Investopedia explains 'Unconditional Probability' Conditional probability measures the chance of an occurrence ignoring any knowledge gained from previous or external events. Since this probability ignores new information, it remains constant. For example, let's examine a group of stocks. A stock can either be a winner, which earns a positive income, or a loser, which has a negative income. Out of five stocks, stock A and B are winners, while C, D and E are losers. What is the unconditional probability of choosing a winning stock? Since two outcomes out of a possible five will produce a winner, the unconditional probability is 40% ( 2 / 5 ). Definition of 'Probability Distribution' A statistical function that describes all the possible values and likelihoods that a random variable can take within a given range. This range will be between the minimum and maximum statistically possible values, but where the possible value is likely to be plotted on the probability distribution depends on a number of factors, including the distributions mean, standard deviation, skewness and kurtosis. Investopedia explains 'Probability Distribution' Academics and fund managers alike may determine a particular stock's probability distribution to determine the possible returns that the stock may yield in the future. The stock's history of returns, which can be measured on any time interval, will likely be comprised of only a fraction of the stock's returns, which will subject the analysis to sampling error. By increasing the sample size, this error can be dramatically reduced. There are many different classifications of probability distributions, including the chi square, and normal and binomial distributions. Definition of 'Sampling Error' A statistical error to which an analyst exposes a model simply because he or she is working with sample data rather than population or census data. Using sample data presents the risk that results found in an analysis do not represent the results that would be obtained from using data involving the entire population from which the sample was derived. Investopedia explains 'Sampling Error' The use of a sample relative to an entire population is often necessary for practical and/or monetary reasons. Although there are likely to be some differences between sample analysis results and population analysis results, the degree to which these can differ is not expected to be substantial. Methods of reducing sampling error include increasing the sample size and ensuring that the sample adequately represents the entire population.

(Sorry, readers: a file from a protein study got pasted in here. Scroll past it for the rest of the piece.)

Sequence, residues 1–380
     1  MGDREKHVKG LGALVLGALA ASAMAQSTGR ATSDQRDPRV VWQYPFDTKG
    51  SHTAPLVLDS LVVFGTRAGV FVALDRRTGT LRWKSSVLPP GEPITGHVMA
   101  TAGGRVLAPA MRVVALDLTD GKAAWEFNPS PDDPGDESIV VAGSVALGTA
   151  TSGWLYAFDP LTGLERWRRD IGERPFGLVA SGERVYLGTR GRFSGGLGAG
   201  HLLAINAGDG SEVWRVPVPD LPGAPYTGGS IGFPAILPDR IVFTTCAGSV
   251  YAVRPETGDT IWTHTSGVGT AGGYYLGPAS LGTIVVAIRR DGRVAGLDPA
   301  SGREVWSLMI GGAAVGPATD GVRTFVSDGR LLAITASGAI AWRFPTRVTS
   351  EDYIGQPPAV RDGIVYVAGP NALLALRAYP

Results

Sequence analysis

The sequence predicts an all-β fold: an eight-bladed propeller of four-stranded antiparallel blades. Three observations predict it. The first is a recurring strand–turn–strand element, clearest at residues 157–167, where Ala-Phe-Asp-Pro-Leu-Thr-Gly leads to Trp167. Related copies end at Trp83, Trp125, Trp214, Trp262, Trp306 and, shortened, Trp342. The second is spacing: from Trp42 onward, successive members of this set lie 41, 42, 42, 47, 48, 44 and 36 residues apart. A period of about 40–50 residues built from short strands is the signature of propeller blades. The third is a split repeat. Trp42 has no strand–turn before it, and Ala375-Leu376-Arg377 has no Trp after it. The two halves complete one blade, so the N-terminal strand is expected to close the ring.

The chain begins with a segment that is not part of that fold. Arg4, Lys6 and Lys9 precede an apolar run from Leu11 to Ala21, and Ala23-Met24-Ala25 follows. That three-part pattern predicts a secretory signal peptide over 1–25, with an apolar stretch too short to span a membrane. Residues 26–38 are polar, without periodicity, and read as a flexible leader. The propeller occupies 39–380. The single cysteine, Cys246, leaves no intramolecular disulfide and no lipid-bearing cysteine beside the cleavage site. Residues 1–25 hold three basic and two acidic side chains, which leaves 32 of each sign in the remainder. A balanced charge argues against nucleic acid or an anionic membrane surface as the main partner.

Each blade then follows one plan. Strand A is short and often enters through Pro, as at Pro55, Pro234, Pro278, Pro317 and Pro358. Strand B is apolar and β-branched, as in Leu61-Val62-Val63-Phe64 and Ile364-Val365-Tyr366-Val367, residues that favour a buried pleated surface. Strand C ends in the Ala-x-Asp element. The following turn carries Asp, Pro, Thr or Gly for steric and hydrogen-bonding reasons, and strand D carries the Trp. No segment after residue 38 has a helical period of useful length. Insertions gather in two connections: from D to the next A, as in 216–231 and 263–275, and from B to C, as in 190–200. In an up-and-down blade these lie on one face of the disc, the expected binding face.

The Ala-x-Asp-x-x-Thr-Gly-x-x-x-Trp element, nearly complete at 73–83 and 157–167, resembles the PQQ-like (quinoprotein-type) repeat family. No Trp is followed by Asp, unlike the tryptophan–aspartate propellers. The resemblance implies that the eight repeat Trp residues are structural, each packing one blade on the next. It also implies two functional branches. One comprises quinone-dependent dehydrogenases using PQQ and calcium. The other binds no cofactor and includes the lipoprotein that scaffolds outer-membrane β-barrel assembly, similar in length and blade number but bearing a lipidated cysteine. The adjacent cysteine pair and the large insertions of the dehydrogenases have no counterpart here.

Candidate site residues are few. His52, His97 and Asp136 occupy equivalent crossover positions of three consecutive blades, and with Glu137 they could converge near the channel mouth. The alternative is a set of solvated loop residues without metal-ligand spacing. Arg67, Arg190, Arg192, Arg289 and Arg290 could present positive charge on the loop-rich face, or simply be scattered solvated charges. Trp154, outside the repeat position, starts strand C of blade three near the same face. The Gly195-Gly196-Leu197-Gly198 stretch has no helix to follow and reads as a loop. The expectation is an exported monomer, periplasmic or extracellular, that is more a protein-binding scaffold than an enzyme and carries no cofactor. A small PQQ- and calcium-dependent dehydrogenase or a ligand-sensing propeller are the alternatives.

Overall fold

Definition of 'Sampling' A process used in statistical analysis in which a predetermined number of observations will be taken from a larger population. The methodology used to sample from a larger population will depend on the type of analysis being performed, but will include simple random sampling, systematic sampling and observational sampling. The sample should be a representation of the general population. Investopedia explains 'Sampling' When taking a sample from a larger population, it is important to consider how the sample will be drawn. To get a representative sample, the sample must be drawn randomly and encompass the entire population. For example, a lottery system could be used to determine the average age of students in a University by sampling 10% of the student body, taking an equal number of students from each faculty. Definition of 'Normal Distribution' A probability distribution that plots all of its values in a symmetrical fashion and most of the results are situated around the probability's mean. Values are equally likely to plot either above or below the mean. Grouping takes place at values that are close to the mean and then tails off symmetrically away from the mean. Also known as a "Gaussian distribution" or "bell curve".

Investopedia explains 'Normal Distribution' The normal distribution is the most common type of distribution, and is often found in stock market analysis. Given enough observations within a sample size, it is reasonable to make the assumption that returns follow a normally distributed pattern, but this assumption can be disproved. As with any distribution, the distributions mean, skewness and kurtosis coefficients should be calculated in order to determine the type of distribution you may be dealing with.